An important, naturally produced steroid in female bodies, dehydroepiandrosterone (DHEA), begins to decline after women enter their twenties and continues to do so through the aging process. Studies have shown low levels of DHEA can speed up a variety of health problems normally seen in older patients such as cancer, heart disease, dementia, and premature infertility.
DHEA is normally secreted by the adrenal gland. Over the last few decades, scientist have been working to reverse the cycle for women who suffer low DHEA levels and have developed various ways to use the hormone for infertility treatments.
Since 2000, DHEA supplementation has been used as a remedy for premature ovarian failure, also known as primary ovarian insufficiency, a condition where females lose ovarian function before the age of 40. According to New York’s Center for Human Reproduction, premature ovarian failure can affect women at various ages from teenage years to thirties.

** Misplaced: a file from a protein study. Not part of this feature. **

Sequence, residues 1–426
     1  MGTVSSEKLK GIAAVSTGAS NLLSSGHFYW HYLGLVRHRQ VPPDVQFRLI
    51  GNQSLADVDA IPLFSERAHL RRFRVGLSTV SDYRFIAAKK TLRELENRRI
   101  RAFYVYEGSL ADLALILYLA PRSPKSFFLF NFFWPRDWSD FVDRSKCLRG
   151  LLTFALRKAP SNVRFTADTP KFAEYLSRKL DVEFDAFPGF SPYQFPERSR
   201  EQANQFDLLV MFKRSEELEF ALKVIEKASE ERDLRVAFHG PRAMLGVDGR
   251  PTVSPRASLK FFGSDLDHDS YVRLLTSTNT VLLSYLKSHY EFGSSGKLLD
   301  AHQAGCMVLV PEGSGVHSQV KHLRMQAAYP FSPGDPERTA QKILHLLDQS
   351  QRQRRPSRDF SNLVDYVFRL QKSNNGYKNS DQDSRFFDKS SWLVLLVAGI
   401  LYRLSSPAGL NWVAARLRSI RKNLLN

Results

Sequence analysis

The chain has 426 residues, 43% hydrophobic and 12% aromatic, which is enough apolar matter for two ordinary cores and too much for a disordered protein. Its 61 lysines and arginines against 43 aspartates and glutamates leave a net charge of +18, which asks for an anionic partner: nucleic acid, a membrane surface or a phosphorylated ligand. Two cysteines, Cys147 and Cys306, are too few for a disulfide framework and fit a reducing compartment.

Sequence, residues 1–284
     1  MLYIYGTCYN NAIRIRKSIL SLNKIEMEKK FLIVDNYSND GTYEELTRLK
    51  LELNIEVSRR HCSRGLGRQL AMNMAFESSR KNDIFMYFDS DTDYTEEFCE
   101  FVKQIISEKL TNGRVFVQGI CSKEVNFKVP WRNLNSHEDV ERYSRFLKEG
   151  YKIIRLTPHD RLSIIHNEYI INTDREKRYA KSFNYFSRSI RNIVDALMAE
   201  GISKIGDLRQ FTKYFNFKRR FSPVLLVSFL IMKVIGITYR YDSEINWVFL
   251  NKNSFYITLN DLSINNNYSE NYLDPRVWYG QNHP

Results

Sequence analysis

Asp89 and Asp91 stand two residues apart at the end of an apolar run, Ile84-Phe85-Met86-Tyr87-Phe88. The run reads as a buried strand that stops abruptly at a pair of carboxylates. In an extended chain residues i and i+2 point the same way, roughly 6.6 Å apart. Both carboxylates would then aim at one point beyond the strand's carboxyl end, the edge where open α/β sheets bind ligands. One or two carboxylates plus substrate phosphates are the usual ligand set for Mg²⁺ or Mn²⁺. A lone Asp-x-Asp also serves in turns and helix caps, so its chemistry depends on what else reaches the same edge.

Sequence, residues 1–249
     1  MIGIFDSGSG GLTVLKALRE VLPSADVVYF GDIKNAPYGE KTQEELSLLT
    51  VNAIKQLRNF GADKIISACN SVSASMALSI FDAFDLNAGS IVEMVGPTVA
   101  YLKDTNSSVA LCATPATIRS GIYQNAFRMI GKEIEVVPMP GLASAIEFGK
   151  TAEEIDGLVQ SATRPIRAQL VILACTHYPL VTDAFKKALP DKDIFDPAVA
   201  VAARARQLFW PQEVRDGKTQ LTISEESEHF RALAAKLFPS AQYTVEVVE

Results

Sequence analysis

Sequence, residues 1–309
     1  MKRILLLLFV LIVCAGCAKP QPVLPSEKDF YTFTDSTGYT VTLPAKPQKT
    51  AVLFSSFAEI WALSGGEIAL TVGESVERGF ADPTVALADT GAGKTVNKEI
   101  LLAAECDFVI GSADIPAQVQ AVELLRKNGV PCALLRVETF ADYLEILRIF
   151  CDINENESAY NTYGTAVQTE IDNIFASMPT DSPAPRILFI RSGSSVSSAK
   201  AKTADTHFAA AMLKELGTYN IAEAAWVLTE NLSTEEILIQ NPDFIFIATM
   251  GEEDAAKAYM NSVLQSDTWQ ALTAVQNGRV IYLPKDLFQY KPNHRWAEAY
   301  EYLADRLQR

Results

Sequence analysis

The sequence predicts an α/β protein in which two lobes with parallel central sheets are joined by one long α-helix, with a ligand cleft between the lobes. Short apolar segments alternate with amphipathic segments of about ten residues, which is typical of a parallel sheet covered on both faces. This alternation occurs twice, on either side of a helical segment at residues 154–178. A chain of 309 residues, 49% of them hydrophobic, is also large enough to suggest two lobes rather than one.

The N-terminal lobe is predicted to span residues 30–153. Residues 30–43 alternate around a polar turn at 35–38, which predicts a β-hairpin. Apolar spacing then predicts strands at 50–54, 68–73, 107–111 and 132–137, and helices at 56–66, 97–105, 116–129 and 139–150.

Women with the condition are at a greater risk of a range of health issues, including osteoporosis, estrogen deficiency (hot flushes, vaginal dryness, etc.) and heart diseases. These issues can usually be managed well with hormonal replacement. However, in an infertility context, premature ovarian failure poses a challenge, as the loss of ovarian function means that the probability of pregnancy in women with the condition is greatly reduced.
Although it is sometimes called early menopause, premature ovarian failure is different from menopause because it is not a result of natural aging process of a woman. They are distinct because women with the condition may continue to have menstrual cycles, though they may be irregular, which means a small percentage of women with premature ovarian failure can conceive naturally.